Photo by Neil Barbisan/Courtesy of Casca Designs.

This Vancouver Shoe Company 3D Prints Zero-Waste Bespoke Insoles

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The world of sneakers has more variables than a Good Will Hunting math problem. Vans and Converse have their fans, though a lack of support or comfort can be an issue. High-end, exclusive Yeezys, from Kanye West’s collaboration with Adidas? Highly fetishized and insanely expensive—extremists stand in line for hours to get their hands on a pair, then never dare wear them. Comfy dad shoes? Lower backs love them; hipsters not so much. In the Venn diagram of sport shoe factions, comfort and cool don’t do business. Step forward, Casca Designs: a burgeoning Vancouver footwear company with plans to change that.

“With the athleisure movement, everyone was wearing the same clothes all day, and we really felt like shoes weren’t keeping pace,” explains Casca co-founder Braden Parker. “You had people who were wearing Nike Frees, and Adidas, and high-performance running shoes because they’re supported, but the problem is that they’re not very durable, they’re not made for all-day use, and they’re not super socially versatile.”

Parker, 28, and co-founder Kevin Reid, 30, realized their own closets—and everyone else’s—are jam-packed with multiple pairs of sneakers for multiple purposes, which is wasteful and not necessarily useful. “I’m someone who bikes to work, I’m active, but I felt like I didn’t have a pair of shoes I could wear all day then go get drinks or dinner after work,” says Parker.

Casca Designs

Photo by Neil Barbisan/Courtesy of Casca Designs.

The duo met in 2010 through a friend in Vancouver and would constantly brainstorm start-up ideas together. They stayed in touch when Reid decamped to Denmark in 2011 to clock time at Norse Projects, where he built serious design chops as an intern and, quickly climbing the ranks, became lead designer of accessories and footwear. In 2014, he became head designer at Vancouver-based Native Shoes.

As for Alberta-born Parker, it was during his teen years in California, “surrounded by entrepreneurs and the idea that the sky is the limit,” that he was bitten by the entrepreneurial bug. (One of Parker’s early start-ups was indeed an insect—a cricket-based pasta line.) He studied business at UBC and launched a company that makes doors featuring cross-section air flow, among myriad other endeavours. But nothing stuck until he and Reid were having drinks one night in 2017, and Reid suggested they craft the perfect shoe.

Fast-forward a few months, and the pair had set up shop in that most common of start-up incubators: a basement—one belonging to Reid’s parents in Kitsilano.

The first step? The duo hit the pavement overseas to study the shoe manufacturing process in depth. Back in Vancouver, they developed an anatomically correct, orthopedically sound shoe last with local Marc Paris, a fourth-generation shoemaker and pedorthic technician.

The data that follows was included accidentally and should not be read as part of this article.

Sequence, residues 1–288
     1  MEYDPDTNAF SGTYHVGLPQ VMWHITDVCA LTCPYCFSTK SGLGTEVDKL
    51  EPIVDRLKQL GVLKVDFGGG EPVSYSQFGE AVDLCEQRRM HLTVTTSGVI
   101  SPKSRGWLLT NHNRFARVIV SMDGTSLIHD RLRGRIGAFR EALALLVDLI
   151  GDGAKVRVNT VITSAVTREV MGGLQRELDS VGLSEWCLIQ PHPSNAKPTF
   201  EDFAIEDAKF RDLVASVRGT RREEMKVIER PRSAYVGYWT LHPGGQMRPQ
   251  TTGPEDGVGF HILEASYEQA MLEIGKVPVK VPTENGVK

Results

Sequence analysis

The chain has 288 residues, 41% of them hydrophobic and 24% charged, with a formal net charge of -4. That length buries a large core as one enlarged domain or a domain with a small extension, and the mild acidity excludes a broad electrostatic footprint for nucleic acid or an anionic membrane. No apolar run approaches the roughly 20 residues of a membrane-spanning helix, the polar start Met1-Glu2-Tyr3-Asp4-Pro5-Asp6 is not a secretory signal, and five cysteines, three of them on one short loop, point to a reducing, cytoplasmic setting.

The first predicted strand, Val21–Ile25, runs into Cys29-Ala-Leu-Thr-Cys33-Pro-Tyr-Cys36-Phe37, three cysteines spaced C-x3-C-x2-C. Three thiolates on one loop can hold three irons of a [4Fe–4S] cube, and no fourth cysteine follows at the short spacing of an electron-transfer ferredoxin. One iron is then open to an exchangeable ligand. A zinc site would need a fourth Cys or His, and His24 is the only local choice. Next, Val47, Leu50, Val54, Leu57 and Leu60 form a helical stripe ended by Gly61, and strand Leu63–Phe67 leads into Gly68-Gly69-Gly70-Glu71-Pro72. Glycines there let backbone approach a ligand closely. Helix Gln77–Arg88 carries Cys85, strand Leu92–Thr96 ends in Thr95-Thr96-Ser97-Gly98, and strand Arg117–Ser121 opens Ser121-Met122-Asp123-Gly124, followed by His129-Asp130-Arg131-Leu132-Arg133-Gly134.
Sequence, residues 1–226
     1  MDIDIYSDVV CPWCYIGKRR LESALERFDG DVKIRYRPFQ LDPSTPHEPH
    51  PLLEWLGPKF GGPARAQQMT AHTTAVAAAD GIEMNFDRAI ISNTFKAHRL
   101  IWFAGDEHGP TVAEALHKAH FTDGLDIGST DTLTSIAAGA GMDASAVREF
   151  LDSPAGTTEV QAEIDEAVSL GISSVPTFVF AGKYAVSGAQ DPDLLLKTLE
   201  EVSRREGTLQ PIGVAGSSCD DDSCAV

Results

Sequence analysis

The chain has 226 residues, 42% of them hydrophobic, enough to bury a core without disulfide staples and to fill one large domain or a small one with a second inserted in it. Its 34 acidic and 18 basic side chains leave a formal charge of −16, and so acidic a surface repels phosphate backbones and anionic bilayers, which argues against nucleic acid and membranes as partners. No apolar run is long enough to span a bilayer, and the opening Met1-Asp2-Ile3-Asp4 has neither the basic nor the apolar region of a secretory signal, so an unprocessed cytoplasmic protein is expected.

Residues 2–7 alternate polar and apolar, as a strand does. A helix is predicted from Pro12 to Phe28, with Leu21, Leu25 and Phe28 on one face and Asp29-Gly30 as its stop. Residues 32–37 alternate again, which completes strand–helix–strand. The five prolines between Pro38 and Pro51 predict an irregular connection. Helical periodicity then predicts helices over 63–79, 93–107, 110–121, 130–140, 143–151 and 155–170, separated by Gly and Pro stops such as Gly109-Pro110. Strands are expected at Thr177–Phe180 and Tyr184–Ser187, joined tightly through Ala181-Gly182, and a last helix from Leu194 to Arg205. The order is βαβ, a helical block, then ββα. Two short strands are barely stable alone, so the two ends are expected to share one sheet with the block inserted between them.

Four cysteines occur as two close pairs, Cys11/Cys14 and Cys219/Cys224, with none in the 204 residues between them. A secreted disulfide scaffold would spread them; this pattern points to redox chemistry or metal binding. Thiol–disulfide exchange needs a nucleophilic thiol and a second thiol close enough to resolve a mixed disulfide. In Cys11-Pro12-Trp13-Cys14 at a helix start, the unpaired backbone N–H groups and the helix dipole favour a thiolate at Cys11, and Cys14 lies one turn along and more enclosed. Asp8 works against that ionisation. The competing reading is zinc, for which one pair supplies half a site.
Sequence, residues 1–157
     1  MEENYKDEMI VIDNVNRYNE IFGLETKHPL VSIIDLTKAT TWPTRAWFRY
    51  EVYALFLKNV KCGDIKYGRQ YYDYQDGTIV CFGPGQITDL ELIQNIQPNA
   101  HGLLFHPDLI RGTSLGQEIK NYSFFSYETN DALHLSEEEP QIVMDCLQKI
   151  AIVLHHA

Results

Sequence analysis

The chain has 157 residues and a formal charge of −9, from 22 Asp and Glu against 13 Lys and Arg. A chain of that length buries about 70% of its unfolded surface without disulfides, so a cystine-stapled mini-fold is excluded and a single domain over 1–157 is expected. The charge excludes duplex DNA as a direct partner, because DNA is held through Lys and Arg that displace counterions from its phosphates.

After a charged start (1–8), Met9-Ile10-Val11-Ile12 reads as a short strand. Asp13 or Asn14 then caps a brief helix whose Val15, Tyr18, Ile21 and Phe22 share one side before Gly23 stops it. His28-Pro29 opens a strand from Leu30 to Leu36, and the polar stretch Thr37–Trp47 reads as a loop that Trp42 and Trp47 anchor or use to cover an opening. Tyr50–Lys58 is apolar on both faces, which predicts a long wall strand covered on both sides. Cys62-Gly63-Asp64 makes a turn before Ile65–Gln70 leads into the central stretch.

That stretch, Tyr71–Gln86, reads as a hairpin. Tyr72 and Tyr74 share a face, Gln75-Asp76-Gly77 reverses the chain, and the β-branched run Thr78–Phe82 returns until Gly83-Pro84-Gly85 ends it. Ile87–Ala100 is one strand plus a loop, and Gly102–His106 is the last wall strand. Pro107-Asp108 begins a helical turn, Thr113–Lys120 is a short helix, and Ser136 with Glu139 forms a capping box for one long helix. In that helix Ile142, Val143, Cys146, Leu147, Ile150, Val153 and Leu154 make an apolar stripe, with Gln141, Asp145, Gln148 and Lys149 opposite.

“We figured out a way to offer the ultimate arch support,” says Parker. And the perfect way to create individualized custom soles for each and every customer: 3-D printing.

They hired a former engineer with experience in the 3-D departments of Tesla and Carbon 3D, and launched locally made machine-printed insoles as part of their shoe design process. Scan your foot on the Casca app, click send, and a contoured bespoke foam footbed is printed.

Casca Designs

Photo by Neil Barbisan/Courtesy of Casca Designs.

Further technical highlights include an external brace connected to an internal shank to provide more support to the heel and mid-foot (a first for a rubber cup-sole sneaker), and mountaineer-grade rubber that’s tested for more than a year on everything from mountain trails to city sidewalks. In addition, their 3-D–printed footbeds create zero waste; defective and test pairs can be reground and reprinted into new ones.

Finally the shoes were ready: they launched their ethically and sustainably made unisex sneakers—the Avro in leather and Avro Knit—in December 2018. In May 2019, Parker and Reid opened their first bricks-and-mortar shop on Vancouver’s Main Street, where 3-D printers now hum for eight hours a day making insoles.

Merging the world of tech and retail was a natural progression. “Vancouver has become this emerging hotbed of technology and footwear and apparel,” says Parker. “I can’t think of a better place in the world to start something like this.”


This article is from our Spring 2020 issue. Read more from our Business section.

Post Date:

April 2, 2020